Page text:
Other children of Mr. and Mrs. Schmidli were Mrs. Edna Manes, Mrs. Del Brummet, Mrs. Frances Jobe, and Miss Florence, all of Jefferson City.
I. M. George
He engaged in farming on his own account near his birthplace until 1884, when he was elected to the office of Assessor of Moniteau County, on the ticket which elected Cleveland, the first Democratic President after the Civil War. At that time he moved to Clarksburg, three years later returning to his farm which he sold in 1892, and purchased the Judge Short farm, one-half mile west of Russellville.
He was one of the organizers of the Russellville Exchange Bank, and the first Assistant Cashier. He resigned this position but was re-elected in December, 1899.
His wife was Miss Sarah C., daughter of John A. Short of Russellville. They had a family of five boys (Charles, Edwin, John L., Robert M., Harlin) and three girls (Sarah E., Laura, Maggie). They were members of the Presbyterian Church.
Dr. F. W. Gillham
Frank Willard Gillham was born at Brighton, Macoupin County, Illinois, July 11, 1876. He received his education in the public schools of that city, and at the Westrn Normal College at Bushnell, Illnois, which he attended for four years. His medical education was received at the Homeopathic Medical College of Missouri, located in St. Louis, Missouri, graduating from there in 1899. Following graduation he practiced at Chicago, Illinois for eight years, locating at Jefferson City, Missouri in 1909. He was a member of the Methodist Church and the Masonic Lodge. Also a member of the Cole County Medical Society, Missouri State Medical Association and the A.M.A.
His forebears were among the earliest settlers. His great-grandfather together with his three brothers located in Illinois at the present site of Granite City, in the year 1801. His father was born at this place in the year 1832, and died in 1917. His mother, whose maiden name was Martha Price, was born in the state of Ohio in 1832 and died in 1913. Dr. Gillham was married to Susan Mae Jenkins in 1913. Mrs. Gillham was born in St. Louis, Missouri, a descendant of Joseph T. Jenkins, who was born in Loudon County, Virginia and Maggie E. Sadler Jenkins, born in Aberdern, Mississippi. They had one child, Margaret Ann Gillham, born May 3, 1916. She graduated from the University of Missouri class of 1938.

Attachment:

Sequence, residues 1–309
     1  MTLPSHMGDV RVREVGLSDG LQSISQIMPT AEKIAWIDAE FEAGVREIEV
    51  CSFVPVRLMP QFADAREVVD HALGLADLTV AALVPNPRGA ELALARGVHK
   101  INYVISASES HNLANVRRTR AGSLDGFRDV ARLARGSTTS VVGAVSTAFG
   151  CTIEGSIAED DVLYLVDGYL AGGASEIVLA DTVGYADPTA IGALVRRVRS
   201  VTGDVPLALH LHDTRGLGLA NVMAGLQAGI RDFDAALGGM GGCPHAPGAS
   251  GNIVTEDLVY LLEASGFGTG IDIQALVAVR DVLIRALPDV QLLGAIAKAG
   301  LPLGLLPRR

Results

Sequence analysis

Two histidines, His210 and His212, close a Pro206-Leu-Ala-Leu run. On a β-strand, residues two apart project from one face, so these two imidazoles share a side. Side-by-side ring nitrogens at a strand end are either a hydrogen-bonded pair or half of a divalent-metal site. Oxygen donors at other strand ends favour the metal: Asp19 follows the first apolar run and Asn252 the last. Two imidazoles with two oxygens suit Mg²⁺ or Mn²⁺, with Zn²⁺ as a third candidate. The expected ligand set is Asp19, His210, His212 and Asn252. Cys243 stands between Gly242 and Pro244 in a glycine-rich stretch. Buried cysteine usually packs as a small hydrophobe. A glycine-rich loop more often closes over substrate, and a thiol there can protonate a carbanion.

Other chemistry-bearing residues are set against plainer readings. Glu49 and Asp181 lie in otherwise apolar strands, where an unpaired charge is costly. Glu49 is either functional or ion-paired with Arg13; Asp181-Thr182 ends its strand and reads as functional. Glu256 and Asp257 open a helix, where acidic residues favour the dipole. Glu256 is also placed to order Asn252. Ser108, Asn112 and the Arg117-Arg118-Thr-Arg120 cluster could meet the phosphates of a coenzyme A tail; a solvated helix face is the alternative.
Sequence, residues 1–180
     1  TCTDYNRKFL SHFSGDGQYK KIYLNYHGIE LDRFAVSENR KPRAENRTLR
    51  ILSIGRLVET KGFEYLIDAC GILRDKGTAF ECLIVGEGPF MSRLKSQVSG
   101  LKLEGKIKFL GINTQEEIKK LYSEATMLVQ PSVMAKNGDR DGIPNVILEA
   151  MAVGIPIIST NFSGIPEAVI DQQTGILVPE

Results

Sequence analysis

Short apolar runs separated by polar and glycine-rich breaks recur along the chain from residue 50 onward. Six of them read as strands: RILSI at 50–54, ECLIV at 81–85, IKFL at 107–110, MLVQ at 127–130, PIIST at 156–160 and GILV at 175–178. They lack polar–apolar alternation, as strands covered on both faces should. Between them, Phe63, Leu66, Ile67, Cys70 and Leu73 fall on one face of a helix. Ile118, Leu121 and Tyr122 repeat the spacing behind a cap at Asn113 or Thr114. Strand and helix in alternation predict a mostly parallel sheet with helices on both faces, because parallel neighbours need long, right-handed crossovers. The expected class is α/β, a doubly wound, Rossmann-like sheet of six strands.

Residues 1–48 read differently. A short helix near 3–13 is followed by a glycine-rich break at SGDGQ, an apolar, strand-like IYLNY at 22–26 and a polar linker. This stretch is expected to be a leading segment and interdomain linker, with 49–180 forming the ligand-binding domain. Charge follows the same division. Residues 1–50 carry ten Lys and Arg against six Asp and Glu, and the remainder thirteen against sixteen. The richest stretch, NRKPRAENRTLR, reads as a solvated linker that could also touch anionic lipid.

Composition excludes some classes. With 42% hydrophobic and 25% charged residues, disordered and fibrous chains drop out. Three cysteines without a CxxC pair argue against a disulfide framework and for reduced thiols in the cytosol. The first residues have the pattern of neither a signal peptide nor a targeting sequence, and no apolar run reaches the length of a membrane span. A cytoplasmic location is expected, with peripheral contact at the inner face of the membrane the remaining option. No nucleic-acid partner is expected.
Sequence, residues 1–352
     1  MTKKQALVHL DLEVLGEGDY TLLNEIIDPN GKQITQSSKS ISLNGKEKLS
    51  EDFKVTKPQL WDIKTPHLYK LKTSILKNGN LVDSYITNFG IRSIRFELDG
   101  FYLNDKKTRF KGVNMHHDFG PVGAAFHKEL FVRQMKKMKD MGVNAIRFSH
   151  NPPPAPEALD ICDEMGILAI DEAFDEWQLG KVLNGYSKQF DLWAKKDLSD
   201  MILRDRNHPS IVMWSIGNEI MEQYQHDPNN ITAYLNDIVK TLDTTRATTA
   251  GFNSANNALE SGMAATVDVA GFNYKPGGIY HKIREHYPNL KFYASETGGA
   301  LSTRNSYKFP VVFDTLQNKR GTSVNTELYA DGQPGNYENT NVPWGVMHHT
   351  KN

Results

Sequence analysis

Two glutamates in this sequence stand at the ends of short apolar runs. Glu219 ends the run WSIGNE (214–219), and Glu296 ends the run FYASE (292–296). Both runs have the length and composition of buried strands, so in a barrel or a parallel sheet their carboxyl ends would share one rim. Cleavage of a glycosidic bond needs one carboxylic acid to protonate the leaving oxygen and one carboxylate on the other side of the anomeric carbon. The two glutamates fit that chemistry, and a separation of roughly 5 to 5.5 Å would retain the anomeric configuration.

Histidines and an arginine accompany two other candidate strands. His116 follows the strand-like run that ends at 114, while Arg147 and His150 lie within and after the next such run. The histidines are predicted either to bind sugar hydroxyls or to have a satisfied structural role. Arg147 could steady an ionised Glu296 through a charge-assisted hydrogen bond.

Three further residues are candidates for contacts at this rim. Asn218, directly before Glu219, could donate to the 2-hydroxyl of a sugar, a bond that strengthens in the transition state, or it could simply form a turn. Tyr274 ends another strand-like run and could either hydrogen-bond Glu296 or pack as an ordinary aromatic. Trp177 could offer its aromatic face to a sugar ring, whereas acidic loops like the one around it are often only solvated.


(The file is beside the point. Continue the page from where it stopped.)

Dr. Gillham practiced medicine in Jefferson City and from 1922 to 1929 he was physician in charge of the Missouri State Penitentiary.
Robert E. Glover
Robert E. Glover was the grandson of Peter G. Glover, former Register of Lands, State Auditor, and State Treasurer. He was born on the site of the old Glover’s Mill, owned by his uncle, Robert V. Glover, the first water mill in Cole County built in 1856.
eter Glover was born in Virginia in 1792. He married Martha Mosely in 1814, moved to Callaway County which he represented in the legislature, and afterwards moved to Cole County, where he lived when elected to various state offices. At the time of his death he was considered the logical choice for governor at the next election.P
Dr. W. S. Glover, father of Robert Glover and tenth of the eleven children of Peter Glover, was born July 11, 1832. He attended Mount Sterling Institute, Kentucky, and Missouri University, and graduated in medicine from the old Missouri Medical College, St. Louis. He was married December 22, 1858, to Miss Margaret Lavenia Evington, a native of Indiana, born December 22, 1836. During the Civil War Doctor Glover was a surgeon in the Confederate army and served under General Sterling Price. He died in Jefferson City in 1912. Doctor and Mrs. W.S. Glover had seven children: Robert E. of this city; Mrs. Sallie Bolton of Nevada; Mrs. J. Ed Wells of Jefferson City; Mrs. Lulu Virginia Berry, Jefferson City; Walter K. Glover, Carthage; Mrs. Mary Helen Laux, Los Angeles.
Robert Glover followed farming for several years, then became a tie contractor with the late George C. Ramsey. In 1902 he became connected with the Giesecke-D’Oench Shoe Company where he remained until 1907 when he bought the East End Shoe Store at Ash and High Streets, which he conducted until 1919. Two years later, with Ed Wells, he formed the Glover-Wells Oil Company, wholesale dealers, with which he remained until 1928.